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Yousuf Anik

Difference between Boom fromat and Doom2 format map

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I want to know what are the actual differences between Boom format and Doom2 format map. What problems will I get if I make huge slaughter maps in Doom2 format?? Suppose a megawad of slaughter maps in Doom2 format!! Can anyone please explain in details?

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most notably:

boom format gets you generalized linedefs, voodoo doll trickery, and all sorts of cool effects: https://www.doomworld.com/vb/source-ports/84681-interactive-boomref-txt/

the ones most authors use for visuals are:

- sky transfers (action 27...1? 271?, sure), turn the sky of the map into any texture you want
- action 242, fake ceiling and floor heights. bloody invaluable.
- scrolling floors, conveyor belts, etc..
- silent teleports

in general boom features are a superset of doom features, with some wrinkles to keep in mind:

- in boom you can lower sectors with monsters "stuck" in them, iirc you can't do this in doom
- monsters get pushed off ledges in boom, not in doom. this can be annoying to map around, cue a spooky theremin and a screenshot of sunder map05

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Sky transfers aren't actually Boom format. They're an MBF feature that prboom-plus inaccurately supports at cl 9.

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nitpicky, but correct. At this point I've just internalized "boom-compatible" to mean prb+ cl9 or equivalent, possibly to the displeasure of the players out there who load up the actual exe on dosbox.. either way sky transfers are nearly ubiquitous among wads calling themselves boom-compat nowadays.

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Stuff such as sector and sidedef references are unsigned (with 65535 meaning "none") instead of signed (with -1 meaning "none"). This allows larger, more complex maps than Doom could otherwise support.

There are no real differences in the format otherwise. Boom does have a greater list of linedef and sector types, but I don't consider that to be a change in the format.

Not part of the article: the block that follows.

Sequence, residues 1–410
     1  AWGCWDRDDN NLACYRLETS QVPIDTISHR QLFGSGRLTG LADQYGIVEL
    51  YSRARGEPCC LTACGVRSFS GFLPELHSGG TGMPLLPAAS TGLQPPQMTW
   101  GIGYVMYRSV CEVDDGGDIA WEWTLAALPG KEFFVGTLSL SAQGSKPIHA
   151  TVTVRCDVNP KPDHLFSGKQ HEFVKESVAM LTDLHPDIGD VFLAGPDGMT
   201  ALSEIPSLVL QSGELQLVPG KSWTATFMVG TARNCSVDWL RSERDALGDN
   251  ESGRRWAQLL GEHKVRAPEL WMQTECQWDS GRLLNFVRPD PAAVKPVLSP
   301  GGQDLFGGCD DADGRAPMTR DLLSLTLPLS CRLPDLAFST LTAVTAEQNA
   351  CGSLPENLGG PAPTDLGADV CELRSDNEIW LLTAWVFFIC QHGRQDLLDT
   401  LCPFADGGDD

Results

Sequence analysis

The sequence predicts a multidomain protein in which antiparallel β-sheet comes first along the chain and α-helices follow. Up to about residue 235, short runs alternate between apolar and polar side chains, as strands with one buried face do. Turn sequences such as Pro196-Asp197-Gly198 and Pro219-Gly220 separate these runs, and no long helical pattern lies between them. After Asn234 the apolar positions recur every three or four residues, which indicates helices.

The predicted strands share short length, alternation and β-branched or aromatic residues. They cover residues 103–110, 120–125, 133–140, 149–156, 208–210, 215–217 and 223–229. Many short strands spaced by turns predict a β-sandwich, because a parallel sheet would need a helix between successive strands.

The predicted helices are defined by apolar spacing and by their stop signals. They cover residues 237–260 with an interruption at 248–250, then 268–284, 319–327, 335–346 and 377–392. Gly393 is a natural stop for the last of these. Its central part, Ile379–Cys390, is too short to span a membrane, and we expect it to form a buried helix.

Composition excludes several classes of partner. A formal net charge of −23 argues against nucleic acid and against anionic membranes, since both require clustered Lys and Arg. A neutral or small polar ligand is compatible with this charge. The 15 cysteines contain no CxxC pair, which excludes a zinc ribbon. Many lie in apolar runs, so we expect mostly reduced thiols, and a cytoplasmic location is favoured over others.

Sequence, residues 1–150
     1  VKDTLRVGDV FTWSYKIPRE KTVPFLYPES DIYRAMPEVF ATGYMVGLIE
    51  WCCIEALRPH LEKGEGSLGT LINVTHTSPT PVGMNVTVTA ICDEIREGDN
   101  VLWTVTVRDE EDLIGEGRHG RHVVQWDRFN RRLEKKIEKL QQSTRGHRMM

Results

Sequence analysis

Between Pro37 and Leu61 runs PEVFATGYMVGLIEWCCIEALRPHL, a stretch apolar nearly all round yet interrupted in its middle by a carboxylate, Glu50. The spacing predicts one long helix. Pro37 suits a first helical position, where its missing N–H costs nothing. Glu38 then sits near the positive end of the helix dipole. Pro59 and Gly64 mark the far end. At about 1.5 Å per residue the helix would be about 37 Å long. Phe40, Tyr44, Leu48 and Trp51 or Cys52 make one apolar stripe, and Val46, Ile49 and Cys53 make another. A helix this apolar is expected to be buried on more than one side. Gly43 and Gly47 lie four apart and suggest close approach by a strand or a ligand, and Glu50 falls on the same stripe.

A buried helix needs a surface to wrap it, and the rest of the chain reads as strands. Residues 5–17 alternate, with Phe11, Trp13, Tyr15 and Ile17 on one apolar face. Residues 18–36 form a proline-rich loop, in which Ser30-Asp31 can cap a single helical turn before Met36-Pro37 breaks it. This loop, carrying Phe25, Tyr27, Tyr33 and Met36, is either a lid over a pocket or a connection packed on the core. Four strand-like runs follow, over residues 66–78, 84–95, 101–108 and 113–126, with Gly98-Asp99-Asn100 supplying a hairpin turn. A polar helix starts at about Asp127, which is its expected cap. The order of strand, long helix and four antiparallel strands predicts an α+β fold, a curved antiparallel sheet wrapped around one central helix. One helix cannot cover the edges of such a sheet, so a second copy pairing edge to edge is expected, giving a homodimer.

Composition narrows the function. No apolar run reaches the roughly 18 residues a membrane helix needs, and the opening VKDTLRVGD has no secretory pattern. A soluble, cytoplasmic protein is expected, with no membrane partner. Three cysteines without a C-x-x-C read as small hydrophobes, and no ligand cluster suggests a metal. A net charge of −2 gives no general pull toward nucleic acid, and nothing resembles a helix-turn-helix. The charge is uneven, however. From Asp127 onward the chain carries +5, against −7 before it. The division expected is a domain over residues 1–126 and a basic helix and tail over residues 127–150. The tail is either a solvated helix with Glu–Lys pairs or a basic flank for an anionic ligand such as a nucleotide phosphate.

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Boom adds flags 0x0020 (not in DM) and 0x0040 (not in co-op) for things. And because PrBoom+ has sky transfers in cl9, MBF adds flag 0x0080 (friendly).

Edit: also, read this (it's more about compatibility, though).

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When this MBF stuff was first discovered, entryway actually disabled sky transfers in -complevel 9. And then people freaked out.

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How come nobody has mentioned winds and currents? Those are very useful to make areas more challenging!

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Last I've heard they have different strength depending on the port you're playing with, so using them effectively is tricky. Or maybe it's not a problem anymore?

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Wow, a world has just opened for me! Many many thanks to you guys for replying and the explanations :) btw, what are wind, friction and currents? How do I make them work?? Any demo map or example?

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Hint: in addition to the wind, current and friction trigger linedef types (which will be activated at map startup, not when you step on them), you must also set the target sector generalized properties (look for a "generalized" button, tab or label in the sector property dialog box).

Memfis said:

Last I've heard they have different strength depending on the port you're playing with, so using them effectively is tricky. Or maybe it's not a problem anymore?

God damn, I hope it's not ZDoom which breaks them.

(However I know that MBF broke the point push/pull behavior by changing it to affect monsters without user opt-out, and Eternity carried that on — but that doesn't affect sector winds and the others).

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printz said:

(However I know that MBF broke the point push/pull behavior by changing it to affect monsters without user opt-out, and Eternity carried that on — but that doesn't affect sector winds and the others).

Boom's implementation was extremely slow and problematic - that's why monsters were not allowed to be affected in Boom - the game would crawl. MBF did an optimal implementation, so it was possible to allow everything to be affected.

But, for gameplay reasons, I guess having an option would have been nice...?

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kb1 said:

Boom's implementation was extremely slow and problematic - that's why monsters were not allowed to be affected in Boom - the game would crawl. MBF did an optimal implementation, so it was possible to allow everything to be affected.



Aren't you mixing that up with the friction implementation - which was indeed horrendous in Boom.

But the pushers/pullers don't really do that much - only adding some momentum to all affected players and/or monsters, so it doesn't really matter that much, if it adds something to 1 or 10, it'd have to check each single one anyway.

The not being able to opt out part was just stupid, though.

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Graf Zahl said:

Aren't you mixing that up with the friction implementation - which was indeed horrendous in Boom.

But the pushers/pullers don't really do that much - only adding some momentum to all affected players and/or monsters, so it doesn't really matter that much, if it adds something to 1 or 10, it'd have to check each single one anyway.

The not being able to opt out part was just stupid, though.

Oops, I think you are correct - old age, you know? :)

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